The first one (before the table) is today’s date: =today(). The ones in the Cost column are simple arithmetic: =($C2 * $D2), etc. Column and row headers can be displayed optionally:

The Product Description and Unit Price formulas are more interesting, since they are lookups in another document, containing the product catalog. Here’s the formula in B2:

The first thing to notice is that we can have multi-line formulas, with ‘let’ definitions preceding the actual formula. (The “…” is really a full file path – I’ve elided it for compactness). The id of the element with the product description is the product code appended with “_desc”. This is then retrieved from the product catalog by matching the id attribute (@id) with the constructed value ($id). (The back-quotes indicate ‘raw’ XPath, rather than XXE formula language).

Here’s the Product catalog (not very extensive!):

The formulas here are used not to calculate visible values, but to construct values for the id attribute. For example, in B2:

Note the id attribute picked from the drop-down list. In Excel terms, this is rather like having a formula that constructs a Range name. It means that the ids for cells in column B and C always follow the product codes in column A. I think this is rather neat.

Back in the invoice, the Total Cost formula sums the values in the Cost column (E) – see the first scrrenshot. We could do this with a table/column reference, but an alternative is to tag the Cost cells with a common attribute value. In DITA, @outputclass allows a kind of informal specialization (we can’t use @id, as this must be unique within a document). Here, we can set @outputclass = ‘cost’. Now, the Total Cost formula sums all elements with this attribute value, wherever they are in the document:

=sum(`//*[@outputclass='cost']`)

That’s it, in terms of the documents. We can then generate formatted output, as we require.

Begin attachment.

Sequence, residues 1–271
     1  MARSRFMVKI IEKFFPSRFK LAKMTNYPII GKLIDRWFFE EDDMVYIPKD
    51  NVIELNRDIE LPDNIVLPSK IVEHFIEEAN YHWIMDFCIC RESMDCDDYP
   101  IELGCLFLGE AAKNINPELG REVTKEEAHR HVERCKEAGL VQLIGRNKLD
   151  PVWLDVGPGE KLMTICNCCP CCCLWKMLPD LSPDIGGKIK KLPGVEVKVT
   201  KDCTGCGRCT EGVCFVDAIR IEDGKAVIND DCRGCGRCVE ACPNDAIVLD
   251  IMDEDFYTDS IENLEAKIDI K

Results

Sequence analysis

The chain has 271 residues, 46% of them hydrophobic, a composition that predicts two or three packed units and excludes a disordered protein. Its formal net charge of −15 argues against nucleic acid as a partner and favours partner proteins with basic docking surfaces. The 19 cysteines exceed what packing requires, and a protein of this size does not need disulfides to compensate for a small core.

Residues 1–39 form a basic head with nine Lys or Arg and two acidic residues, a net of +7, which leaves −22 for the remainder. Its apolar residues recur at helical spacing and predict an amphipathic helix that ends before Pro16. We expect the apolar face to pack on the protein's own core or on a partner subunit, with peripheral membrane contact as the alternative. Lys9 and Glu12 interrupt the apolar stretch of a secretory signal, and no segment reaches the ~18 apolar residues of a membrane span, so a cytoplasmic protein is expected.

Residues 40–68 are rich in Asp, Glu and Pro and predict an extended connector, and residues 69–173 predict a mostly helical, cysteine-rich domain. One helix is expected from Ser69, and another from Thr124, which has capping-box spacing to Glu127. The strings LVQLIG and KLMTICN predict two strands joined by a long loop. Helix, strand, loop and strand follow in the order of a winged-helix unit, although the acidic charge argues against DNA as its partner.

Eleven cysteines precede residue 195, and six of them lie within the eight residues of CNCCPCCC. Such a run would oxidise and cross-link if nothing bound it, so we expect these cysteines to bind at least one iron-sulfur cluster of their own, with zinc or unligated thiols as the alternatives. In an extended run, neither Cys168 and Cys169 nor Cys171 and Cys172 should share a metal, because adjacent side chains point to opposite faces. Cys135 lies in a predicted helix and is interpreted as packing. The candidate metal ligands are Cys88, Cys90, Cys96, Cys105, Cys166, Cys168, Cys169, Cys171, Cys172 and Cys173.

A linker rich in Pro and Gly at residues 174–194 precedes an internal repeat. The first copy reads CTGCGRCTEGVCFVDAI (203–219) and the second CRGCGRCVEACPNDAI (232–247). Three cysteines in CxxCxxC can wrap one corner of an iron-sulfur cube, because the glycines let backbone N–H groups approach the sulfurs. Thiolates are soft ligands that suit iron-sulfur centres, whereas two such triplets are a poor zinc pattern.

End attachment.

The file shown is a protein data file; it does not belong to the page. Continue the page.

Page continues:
The database aspect comes if the invoices are put into an XML database, such as XMLMind’s Qizx (Free Engine edition). This provides indexing and querying, using the XQuery language. We can then calculate aggregated values, for example by customer and product. Here’s a simple query to calculate the total invoiced for a given product:

xquery version "1.0";

let $prod := "PR01"    (:edit this:)

let $costs :=
 for $row in //strow
 let $cost := $row/stentry[@outputclass='cost']
 where $row/stentry[1]/text() = $prod
 return $cost
return ($prod, sum($costs))

strow is a simple-table row, stentry is a cell. One could, of course, get a lot fancier, and produce proper date-based reports.

There’s an interesting contrast here with how we would do this in Excel. If each invoice is a separate Workbook, we would need to provide some collation mechanism for the data, to get it into a single source for pivot tables, etc. – either in a single workbook, or in Access. I think that where we have a large number of computationally relatively simple documents, the XML approach is quite attractive.

Spreadsheets in XML

In my work with DITA documentation, I use XMLMind’s XML Editor (XXE) – and very good it is too. The professional version comes with an Integrated Spreadsheet Engine, which I have just recently taken a look at. I think it’s rather interesting, particularly how the approach differs from Excel or similar traditional spreadhseets.

We are not talking here about Excel (2007+) using an XML-based file format. In this, the information is structured using elements that relate to spreadsheets – such as <worksheet> and <row> – not to the content domain (invoices, timesheets, product specifications, whatever). That means that the information is not in practice accessible to users (as opposed to tool developers).